On the colour hierarchical scale people readily accept snobbish, boorish and elitist attitudes from those who are lighter in complexion. Even light skinned folks receive negative discrimination from persons who are more light skinned than they are but accept or tolerate it. Most people don’t think much of these poor attitudes because of the assumed benefits that they derive from being in the company of lighter skinned folks while the same poor conduct is emulated and unleashed upon persons of darker hue. It is often the case that from a young age children are trained, particularly through their family, to tolerate arrogant, spoilt and selfish behaviour from fairer hued persons but reject and cry down far less repulsive behaviours from darker peers. Often, darker skinned folks are more tolerant of the disgusting behaviours of lighter skinned folks once they are “friends” with them.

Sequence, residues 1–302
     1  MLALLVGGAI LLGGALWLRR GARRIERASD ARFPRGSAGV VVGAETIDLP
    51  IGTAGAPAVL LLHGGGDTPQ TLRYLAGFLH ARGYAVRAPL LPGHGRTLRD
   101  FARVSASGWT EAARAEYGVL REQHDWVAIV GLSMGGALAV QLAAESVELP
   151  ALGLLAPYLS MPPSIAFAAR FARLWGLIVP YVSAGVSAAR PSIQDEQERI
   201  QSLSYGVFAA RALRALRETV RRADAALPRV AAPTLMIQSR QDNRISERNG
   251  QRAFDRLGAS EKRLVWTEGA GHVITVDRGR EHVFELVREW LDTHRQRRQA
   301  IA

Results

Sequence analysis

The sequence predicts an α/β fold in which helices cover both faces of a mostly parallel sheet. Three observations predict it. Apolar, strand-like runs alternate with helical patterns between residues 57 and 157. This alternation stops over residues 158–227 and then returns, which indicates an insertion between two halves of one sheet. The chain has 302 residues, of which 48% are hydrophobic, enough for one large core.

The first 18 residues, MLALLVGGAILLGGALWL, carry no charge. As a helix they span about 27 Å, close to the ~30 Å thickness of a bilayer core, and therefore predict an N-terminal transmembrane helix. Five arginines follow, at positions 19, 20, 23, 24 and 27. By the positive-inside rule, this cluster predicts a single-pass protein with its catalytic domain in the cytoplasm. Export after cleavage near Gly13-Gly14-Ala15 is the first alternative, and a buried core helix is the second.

Besides the fact that light skinned persons are more favoured for senior positions in the work place, for example, a light skinned person is more inclined to show indifference to dark skinned folks, not defend them in situations that warrants it, not reward or recognise them equally for diligence in their tasks, not praise them in situations where they are deserving, unfairly delay addressing their requests, not recommend them for promotions etc. Because these issues are so prevalent in society at large and in the work place, some darker skinned blacks could be reacting to these attitudes and not simply envy due to someone’s light skinned complexion.